a white mayoral candidate's son, who wasreciting "white power" slogans the night
of
the crime; two homes in Palmdale were vandalizedwith racially offensive words and a swastika; and in August 2010, a predominantly AfricanAmerican church in Palmdale was firebombed.In recent decades, the racial demographics
of
the Antelope Valley have undergone asizeable shift. According to the Census Bureau, between 1990 and 2010, the population
of
Lancaster grew from 97,291 to 156,633, while the proportion
of
whites in the total populationdecreased from 79%
of
the population to 49.6%
of
the population. During that time, theproportion
of
African Americans almost tripled, increasing from 7.4%
of
the population to20.5%
of
the population; and the Latino/Hispanic population increased from 15% to 38%
of
thepopulation. During the same 20-year time period, Palmdale's population grew from 68,917 to152,750, while the percentage
of
whites in the total population fell from 76% to 49%
of
thepopulation. Also during that time, the proportion
of
African Americans more than doubled,increasing from 6.4%
of
the population to 14.8%
of
the population; and the Latino/Hispanicpopulation increased dramatically from 22% to 54.4%
of
the population. In addition, the number
of
African-American housing voucher holders in the Antelope Valley has increased in the lastten years. Between 2000 and 2008, the approximate number
of
African-American voucherholder families in Lancaster increased from 510 to 1,530, and in Palmdale, from 455 to 825.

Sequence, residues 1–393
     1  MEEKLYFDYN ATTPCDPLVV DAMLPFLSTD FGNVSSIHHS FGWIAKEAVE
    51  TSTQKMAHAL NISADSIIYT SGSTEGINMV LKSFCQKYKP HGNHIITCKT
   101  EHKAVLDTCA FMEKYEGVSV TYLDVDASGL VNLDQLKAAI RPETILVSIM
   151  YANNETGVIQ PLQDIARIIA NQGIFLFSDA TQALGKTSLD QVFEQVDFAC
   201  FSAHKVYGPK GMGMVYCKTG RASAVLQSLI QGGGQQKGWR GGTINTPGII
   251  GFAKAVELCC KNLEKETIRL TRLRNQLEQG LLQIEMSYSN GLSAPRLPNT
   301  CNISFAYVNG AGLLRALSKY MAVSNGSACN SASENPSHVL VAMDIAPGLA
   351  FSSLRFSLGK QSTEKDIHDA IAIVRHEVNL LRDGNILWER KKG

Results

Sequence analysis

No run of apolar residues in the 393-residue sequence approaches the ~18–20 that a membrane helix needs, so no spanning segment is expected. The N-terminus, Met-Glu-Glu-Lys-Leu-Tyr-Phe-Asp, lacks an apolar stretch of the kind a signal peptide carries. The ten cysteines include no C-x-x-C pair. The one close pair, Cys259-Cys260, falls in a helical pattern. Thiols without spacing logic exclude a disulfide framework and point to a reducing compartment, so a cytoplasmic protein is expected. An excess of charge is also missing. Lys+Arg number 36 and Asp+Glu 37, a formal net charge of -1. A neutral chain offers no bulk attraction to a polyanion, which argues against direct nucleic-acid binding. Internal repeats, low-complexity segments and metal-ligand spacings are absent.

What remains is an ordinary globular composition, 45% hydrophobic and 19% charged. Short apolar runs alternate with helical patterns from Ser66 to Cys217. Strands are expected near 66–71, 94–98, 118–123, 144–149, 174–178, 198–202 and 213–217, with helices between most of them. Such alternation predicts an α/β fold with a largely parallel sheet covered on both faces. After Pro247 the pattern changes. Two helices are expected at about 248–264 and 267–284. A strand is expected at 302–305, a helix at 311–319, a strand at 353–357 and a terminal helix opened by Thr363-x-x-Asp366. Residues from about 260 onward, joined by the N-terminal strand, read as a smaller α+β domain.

By
2010,73%
of
the voucher holder households in Lancaster and 69% in Palmdale were AfricanAmerican.
By
comparison, for that same time period in 2010, only 37%
ofHACoLA's
entirevoucher holder population and approximately 40%
of
households on its wait list were black.
In
Lancaster and Palmdale, some residents have been vocal about their opposition to theincrease in the number
of
voucher holders, particularly the increase in the number
of
AfricanAmerican voucher holders. Residents' statements about this increase have included thinly veiledreferences to their Section 8 neighbors' race, including references to the neighborhood "growingdarker" and "the creeping darkness." Social media sites and public message boards provided aplatform for numerous community members to voice their opposition to the influx
of
AfricanAmerican Section 8 voucher holders in the Antelope Valley, including but not limited to aFacebook Page titled
"I
Hate Section 8."
By
way
of
example, on one such site, one citizenwrote,
"My
earlier prediction that the entire LA county section
of
the Antelope Valley is being'ghettoized' has been confirmed
by
a tour
of
the area this week
...
I see 'creeping darkness'even on the west side
as
well." On another site, a June 2012 post included racist lyrics from asong entitled, "Nigger, Nigger," which was written
by
a white supremacist in the mid-1960s inresponse to the civil rights movement. Sites like this one not only facilitated biased speechagainst African-American voucher holders, but also the targeting
of
specific voucher holders. In2010, an LASD deputy took photographs
of
luxury vehicles in a home's garage during a Section8 compliance check, and sent them to the administrator
of
the "I Hate Section 8" Facebookpage. Subsequently, the family'S home was vandalized with the message, "I hate Section 8 youfucking niggers," scrawled on their garage door, and the family'S son had urine thrown on him
as